Mesenteric vein thrombosis can be safely treated with anticoagulation but is associated with significant sequelae of portal hypertension
BACKGROUND: Mesenteric venous thrombosis (MVT) is a relatively uncommon but potentially lethal condition associated with bowel ischemia and infarction. The natural history and long-term outcomes are poorly understood and under-reported. METHODS: A single-institution retrospective review of noncirrhotic patients diagnosed with MVT from 1999 to 2015 was performed using International Classification of Diseases, Ninth Revision and radiology codes. Patients were excluded if no radiographic imaging was available for review. Eighty patients were identified for analysis. Demographic, clinical, and radiographic data on presentation and at long-term follow-up were collected. Long-term sequelae of portal venous hypertension were defined as esophageal varices, portal vein cavernous transformation, splenomegaly, or hepatic atrophy, as seen on follow-up imaging. RESULTS: There were 80 patients (57.5% male; mean age, 57.9 +/- 15.6 years) identified; 83.3% were symptomatic, and 80% presented with abdominal pain. Median follow-up was 480 days (range, 1-6183 days). Follow-up radiographic and clinical data were available for 50 patients (62.5%). The underlying causes of MVT included cancer (41.5%), an inflammatory process (25.9%), the postoperative state (20.7%), and idiopathic cases (18.8%). Pancreatic cancer was the most common associated malignant neoplasm (53%), followed by colon cancer (15%). Twenty patients (26%) had prior or concurrent lower extremity deep venous thromboses. Most patients (68.4%) were treated with anticoagulation; the rest were treated expectantly. Ten (12.5%) had bleeding complications related to anticoagulation, including one death from intracranial hemorrhage. Four patients underwent intervention (three pharmacomechanical thrombolysis and one thrombectomy). One patient died of intestinal ischemia. Two patients had recurrent MVT, both on discontinuing anticoagulation. Long-term imaging sequelae of portal hypertension were noted in 25 of 50 patients (50%) who had follow-up imaging available. Patients with long-term sequelae had lower recanalization rates (36.8% vs 65%; P = .079) and significantly higher rates of complete as opposed to partial thrombosis at the initial event (73% vs 43.3%; P < .005). Long-term sequelae were unrelated to the initial cause or treatment with anticoagulation (P = NS). CONCLUSIONS: Most cases of MVT are associated with malignant disease or an inflammatory process, such as pancreatitis. A diagnosis of malignant disease in the setting of MVT has poor prognosis, with a 5-year survival of only 25%. MVT can be effectively treated with anticoagulation in the majority of cases. Operative or endovascular intervention is rarely needed but important to consider in patients with signs of severe ischemia or impending bowel infarction. There is a significant incidence of radiographically noted long-term sequelae from MVT related to portal venous hypertension, especially in cases of initial complete thrombosis of the mesenteric vein.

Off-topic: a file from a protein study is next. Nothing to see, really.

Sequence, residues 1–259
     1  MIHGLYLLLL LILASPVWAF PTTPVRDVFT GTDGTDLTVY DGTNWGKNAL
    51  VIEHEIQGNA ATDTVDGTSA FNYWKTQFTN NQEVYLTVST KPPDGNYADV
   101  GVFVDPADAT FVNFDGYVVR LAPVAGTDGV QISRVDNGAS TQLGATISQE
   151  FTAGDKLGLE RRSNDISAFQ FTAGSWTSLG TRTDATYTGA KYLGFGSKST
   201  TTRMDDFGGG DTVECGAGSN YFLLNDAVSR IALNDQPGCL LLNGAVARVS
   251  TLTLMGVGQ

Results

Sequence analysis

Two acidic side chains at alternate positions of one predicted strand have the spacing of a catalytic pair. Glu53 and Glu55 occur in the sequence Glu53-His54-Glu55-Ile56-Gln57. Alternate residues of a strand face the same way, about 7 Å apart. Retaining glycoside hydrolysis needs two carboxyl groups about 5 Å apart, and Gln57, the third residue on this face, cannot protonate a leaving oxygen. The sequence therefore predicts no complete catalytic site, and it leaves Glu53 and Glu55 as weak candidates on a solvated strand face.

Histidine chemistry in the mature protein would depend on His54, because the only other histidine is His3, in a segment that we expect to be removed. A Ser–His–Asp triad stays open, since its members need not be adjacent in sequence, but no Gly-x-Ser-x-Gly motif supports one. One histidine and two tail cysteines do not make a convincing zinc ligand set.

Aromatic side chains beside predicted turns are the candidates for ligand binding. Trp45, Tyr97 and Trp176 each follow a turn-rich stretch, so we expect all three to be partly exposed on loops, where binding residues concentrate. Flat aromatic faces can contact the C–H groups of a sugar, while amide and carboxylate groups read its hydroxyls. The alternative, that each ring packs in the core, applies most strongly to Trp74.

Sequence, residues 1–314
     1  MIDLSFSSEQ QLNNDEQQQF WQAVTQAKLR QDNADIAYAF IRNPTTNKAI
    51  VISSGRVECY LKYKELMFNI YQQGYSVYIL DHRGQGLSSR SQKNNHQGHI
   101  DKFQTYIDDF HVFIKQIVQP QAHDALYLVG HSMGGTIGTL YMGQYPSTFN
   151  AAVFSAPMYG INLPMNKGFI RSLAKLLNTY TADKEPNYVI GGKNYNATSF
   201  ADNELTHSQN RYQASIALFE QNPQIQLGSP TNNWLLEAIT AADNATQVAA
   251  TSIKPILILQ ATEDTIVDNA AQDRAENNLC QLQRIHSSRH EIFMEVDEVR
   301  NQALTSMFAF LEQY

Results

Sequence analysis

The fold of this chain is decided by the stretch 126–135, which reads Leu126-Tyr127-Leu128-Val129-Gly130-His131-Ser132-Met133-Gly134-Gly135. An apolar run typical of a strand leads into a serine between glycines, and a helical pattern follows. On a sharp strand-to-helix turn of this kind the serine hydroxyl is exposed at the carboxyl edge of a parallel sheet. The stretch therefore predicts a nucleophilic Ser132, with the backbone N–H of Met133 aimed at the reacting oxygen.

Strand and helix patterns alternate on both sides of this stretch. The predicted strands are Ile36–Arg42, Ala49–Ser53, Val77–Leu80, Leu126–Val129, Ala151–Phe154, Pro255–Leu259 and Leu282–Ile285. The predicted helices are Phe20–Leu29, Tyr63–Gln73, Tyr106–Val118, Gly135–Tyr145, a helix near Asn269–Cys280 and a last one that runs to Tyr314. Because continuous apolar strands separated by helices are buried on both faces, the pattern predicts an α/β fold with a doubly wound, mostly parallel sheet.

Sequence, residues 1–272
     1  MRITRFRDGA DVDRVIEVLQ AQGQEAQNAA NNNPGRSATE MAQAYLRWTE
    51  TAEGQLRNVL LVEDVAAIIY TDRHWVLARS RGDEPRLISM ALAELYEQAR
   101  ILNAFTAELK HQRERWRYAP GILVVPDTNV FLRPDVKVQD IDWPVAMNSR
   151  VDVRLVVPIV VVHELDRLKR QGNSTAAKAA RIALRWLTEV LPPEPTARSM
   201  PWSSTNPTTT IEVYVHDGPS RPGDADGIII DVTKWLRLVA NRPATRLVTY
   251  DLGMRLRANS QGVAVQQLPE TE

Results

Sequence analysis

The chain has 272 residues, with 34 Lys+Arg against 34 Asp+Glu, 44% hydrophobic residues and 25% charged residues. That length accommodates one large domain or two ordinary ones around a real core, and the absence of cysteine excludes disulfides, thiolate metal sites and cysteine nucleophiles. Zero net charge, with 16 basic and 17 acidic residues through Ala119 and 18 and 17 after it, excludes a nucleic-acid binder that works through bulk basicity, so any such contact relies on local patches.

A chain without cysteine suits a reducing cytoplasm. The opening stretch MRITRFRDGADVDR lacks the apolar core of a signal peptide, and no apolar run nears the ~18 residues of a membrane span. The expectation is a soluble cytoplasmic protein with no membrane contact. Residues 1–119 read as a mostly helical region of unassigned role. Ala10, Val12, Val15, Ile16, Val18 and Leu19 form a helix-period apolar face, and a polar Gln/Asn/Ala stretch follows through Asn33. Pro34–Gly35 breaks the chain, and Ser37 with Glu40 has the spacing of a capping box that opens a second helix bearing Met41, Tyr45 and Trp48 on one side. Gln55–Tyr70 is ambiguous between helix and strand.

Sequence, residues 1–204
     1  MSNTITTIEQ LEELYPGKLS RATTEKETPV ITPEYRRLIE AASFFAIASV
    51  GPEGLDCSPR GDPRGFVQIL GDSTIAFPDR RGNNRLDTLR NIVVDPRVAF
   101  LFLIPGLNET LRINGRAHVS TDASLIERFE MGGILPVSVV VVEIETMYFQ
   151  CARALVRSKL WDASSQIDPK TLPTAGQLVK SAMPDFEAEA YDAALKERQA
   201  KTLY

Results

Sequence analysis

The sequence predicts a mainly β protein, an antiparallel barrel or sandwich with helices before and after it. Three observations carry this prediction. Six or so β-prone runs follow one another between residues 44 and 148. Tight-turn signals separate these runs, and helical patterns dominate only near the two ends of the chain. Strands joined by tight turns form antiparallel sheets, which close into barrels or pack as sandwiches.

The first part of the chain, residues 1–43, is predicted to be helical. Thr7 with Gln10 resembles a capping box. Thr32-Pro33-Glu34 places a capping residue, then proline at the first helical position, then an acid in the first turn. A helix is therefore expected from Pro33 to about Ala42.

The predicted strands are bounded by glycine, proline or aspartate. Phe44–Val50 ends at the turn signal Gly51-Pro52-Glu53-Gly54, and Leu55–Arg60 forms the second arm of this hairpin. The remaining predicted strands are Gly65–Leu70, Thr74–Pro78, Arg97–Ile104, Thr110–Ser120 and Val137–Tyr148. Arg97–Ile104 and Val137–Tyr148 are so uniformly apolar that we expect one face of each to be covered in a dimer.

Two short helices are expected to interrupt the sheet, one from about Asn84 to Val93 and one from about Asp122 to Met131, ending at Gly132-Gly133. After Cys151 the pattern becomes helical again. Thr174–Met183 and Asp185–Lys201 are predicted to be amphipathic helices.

Gender Differences In Aortic Neck Morphology In Patients With Abdominal Aortic Aneurysms Undergoing Elective EVAR
INTRODUCTION/OBJECTIVES: Previous studies have demonstrated that women tend to have adverse aortic neck morphology leading to exclusion of some women from undergoing EVAR. OBJECTIVE: To investigate differences in aortic neck morphology in men vs women, changes in the neck morphology and sac behavior after EVAR, and investigate how these features may influence outcomes. METHODS: We conducted a retrospective review of elective EVARs (2004-2013). We excluded patients who underwent elective EVAR with no post-operative imaging available and those patients with fenestrated repairs. Using TeraRecon and volumetric analysis, several features were investigated. These included percent thrombus, shape, length, angulation of the neck, and changes in neck and abdominal aortic aneurysm diameter. RESULTS: 146 patients were found to meet inclusion criteria (115 men and 31 women) with similar baseline characteristics. Neck angulation was greater in women (23.9 degrees vs 13.5 degrees (P<0.028). The percent thrombus in women was higher than men (35.4%vs 31%P<0.02). Abdominal aneurysm's were smaller in women at 1 year (4.2cm vs 5.1cm, P<0.002) and secondary interventions were higher in men (11.3% vs 0% P<0.05). Other features such as neck shape, changes in neck diameter, neck length, percent oversizing of graft where not statistically different between genders. CONCLUSIONS: Gender differences in neck characteristics and changes in neck morphology do not appear to adversely affect EVAR outcomes. Longer follow up is necessary to further assess whether these findings are clinically durable.